Stifle the run and try to make Nebraska one-dimensional. Force Martinez, an awkward but much-improved passer, to throw. But that could be problematic, too.
How improved is Martinez, who has been much maligned as a passer in the past? He has a higher completion percentage (62.9 to 62.1) and as many TD passes (18) as PSU's Matt McGloin this season, and a higher passer rating (147.1 to 137.9)
And, Martinez was crisp at PSU last season, leading the 'Huskers to the 17-14 win at Beaver Stadium in the surreal immediate aftermath of the Sandusky scandal.
Martinez has a very good receiving corp, too - the best group at Nebraska in memory - led by big-play Kenny Bell (33 rec, 622 yds, 18.8 avg, 6 TD).
So then, how has this mighty Nebraska team lost - twice - at UCLA and at Ohio State?
Turnovers and rush defense deficiencies. And that's where PSU can get the upper hand.
The Lions of course will do everything possible to try to limit Nebraska's scoring drives and hold the 'Huskers under 30 points. But what PSU defense also needs to do is generate turnovers. Martinez tossed three interceptions last week.
And, critically, the defense also will need a hand from the offense. Specifically the ground game.
Penn State's rushing attack has received virtually no attention and praise this season. Saturday, it can lift the Lions to victory in Lincoln.
Nebraska is in the bottom half of the league in all rush defense stats: 10th in the Big Ten in rushing yards allowed (183 a game), 9th in yards per carry allowed (4.4) and 8th in TDs rushing allowed (13).
There it is: The weakness for Penn State to exploit.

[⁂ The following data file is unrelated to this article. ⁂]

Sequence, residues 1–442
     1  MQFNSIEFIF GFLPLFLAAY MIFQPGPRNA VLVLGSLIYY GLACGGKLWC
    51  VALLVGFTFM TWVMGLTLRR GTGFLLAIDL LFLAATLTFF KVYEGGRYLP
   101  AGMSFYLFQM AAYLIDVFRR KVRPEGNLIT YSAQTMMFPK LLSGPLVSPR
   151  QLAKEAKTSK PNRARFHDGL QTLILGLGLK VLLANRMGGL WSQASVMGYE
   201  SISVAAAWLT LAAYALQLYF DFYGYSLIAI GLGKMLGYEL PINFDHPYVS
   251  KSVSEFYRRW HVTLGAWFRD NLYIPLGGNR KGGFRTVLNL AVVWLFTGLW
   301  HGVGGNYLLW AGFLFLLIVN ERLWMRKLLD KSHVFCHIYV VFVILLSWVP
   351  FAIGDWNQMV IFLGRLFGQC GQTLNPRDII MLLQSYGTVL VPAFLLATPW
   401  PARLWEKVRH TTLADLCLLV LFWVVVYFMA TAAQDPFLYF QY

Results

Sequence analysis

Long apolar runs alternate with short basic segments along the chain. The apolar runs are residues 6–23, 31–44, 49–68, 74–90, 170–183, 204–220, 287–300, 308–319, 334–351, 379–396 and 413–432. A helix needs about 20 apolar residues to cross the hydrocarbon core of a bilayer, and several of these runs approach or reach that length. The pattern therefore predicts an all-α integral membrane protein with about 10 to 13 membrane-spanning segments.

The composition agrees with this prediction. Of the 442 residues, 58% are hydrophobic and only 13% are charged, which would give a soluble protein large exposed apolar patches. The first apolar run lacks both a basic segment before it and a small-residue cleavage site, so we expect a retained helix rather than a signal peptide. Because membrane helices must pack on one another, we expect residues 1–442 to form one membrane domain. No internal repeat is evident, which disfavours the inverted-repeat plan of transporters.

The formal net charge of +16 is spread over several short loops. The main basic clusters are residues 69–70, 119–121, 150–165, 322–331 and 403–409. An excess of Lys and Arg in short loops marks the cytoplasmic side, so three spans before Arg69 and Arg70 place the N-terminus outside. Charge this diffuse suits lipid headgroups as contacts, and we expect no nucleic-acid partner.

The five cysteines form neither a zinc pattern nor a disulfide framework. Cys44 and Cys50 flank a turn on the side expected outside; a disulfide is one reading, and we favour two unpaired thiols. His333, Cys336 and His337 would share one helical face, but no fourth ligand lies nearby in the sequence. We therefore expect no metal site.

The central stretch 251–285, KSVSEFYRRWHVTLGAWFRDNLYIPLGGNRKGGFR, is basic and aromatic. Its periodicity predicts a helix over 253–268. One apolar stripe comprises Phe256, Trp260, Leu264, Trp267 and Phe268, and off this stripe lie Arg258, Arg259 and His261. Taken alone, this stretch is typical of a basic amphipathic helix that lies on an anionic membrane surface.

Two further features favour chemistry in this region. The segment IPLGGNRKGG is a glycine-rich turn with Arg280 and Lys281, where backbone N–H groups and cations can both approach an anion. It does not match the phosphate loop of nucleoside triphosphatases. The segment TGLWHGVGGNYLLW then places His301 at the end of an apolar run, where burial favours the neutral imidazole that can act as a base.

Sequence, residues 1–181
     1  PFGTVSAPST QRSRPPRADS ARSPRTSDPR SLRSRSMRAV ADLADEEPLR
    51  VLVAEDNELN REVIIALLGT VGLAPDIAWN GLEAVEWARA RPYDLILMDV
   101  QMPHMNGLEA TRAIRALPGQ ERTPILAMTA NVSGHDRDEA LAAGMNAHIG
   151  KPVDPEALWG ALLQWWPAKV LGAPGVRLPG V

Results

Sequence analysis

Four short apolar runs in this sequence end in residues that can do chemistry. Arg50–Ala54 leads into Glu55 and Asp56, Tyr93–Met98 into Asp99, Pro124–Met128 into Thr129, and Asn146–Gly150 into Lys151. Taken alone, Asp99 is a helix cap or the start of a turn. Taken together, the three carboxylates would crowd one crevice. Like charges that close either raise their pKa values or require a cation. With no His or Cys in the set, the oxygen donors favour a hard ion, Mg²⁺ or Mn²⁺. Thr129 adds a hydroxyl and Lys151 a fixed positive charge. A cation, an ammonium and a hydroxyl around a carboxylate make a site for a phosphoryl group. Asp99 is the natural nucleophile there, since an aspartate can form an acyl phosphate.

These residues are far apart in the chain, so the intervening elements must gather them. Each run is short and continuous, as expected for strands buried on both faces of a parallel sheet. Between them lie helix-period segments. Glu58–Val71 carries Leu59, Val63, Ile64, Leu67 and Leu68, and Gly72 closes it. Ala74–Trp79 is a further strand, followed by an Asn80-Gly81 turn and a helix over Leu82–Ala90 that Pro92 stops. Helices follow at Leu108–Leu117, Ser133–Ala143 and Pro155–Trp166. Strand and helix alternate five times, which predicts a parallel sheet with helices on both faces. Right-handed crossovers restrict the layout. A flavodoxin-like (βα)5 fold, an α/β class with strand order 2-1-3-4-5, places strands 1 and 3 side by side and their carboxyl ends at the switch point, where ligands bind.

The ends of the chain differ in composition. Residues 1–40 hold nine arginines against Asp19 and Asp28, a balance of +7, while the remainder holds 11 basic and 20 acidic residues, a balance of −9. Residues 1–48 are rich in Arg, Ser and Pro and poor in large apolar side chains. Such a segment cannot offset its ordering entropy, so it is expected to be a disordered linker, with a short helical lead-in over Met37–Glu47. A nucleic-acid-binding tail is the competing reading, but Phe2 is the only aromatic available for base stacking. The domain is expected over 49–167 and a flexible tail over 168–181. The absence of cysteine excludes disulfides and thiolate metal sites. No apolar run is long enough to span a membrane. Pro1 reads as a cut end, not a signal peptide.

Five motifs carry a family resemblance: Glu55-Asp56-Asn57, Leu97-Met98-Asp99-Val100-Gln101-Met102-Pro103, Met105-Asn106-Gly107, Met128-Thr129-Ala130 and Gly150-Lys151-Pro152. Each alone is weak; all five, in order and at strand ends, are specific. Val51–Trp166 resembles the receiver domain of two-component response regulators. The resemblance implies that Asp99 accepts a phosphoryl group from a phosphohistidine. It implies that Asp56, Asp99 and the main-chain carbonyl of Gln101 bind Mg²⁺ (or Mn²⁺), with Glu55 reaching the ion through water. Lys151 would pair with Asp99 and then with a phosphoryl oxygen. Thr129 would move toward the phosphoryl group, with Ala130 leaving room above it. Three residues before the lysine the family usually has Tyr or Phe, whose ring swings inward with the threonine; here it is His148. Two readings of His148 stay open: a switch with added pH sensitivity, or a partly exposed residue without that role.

Michigan State 244-pound bruiser Le'Veon Bell ran for 188 yards and 2 TDs on 36 carries vs. Nebraska.
Seen any big bruisers carrying the ball for Penn State lately? Expect another heavy dose of emerging 230-pound star Zach Zwinak for PSU this week. The sophomore, who scarcely touched the field the first three games, notched his third 100-yard game of the season in the rout at Purdue.
If Zwinak can pound away at the 'Huskers 25-plus times, advantage PSU.
Meanwhile, the 'Huskers are No. 1 in the conference in pass efficiency defense. So clearly this matchup favors more running, less passing, for PSU.
Of course, O'Brien is aware of all of this. It's clear the PSU ground game can play an essential role in leading the Lions to victory. It should be the best means of moving the chains and controlling the clock, which will make it the PSU defense's best friend.
Penn State is 7-point underdog, its biggest deficit this season.
But if the Lions can limit the damage from Martinez and Co., just like they did for half of the game against OSU and Miller, and then get a big boost from the ground game - which didn't happen vs. the Buckeyes - the Lions should be right there the whole way.
And this Big Game possibly could end up in underdog Penn State's win column.
Follow Pete Young on Twitter @AllPSUfootball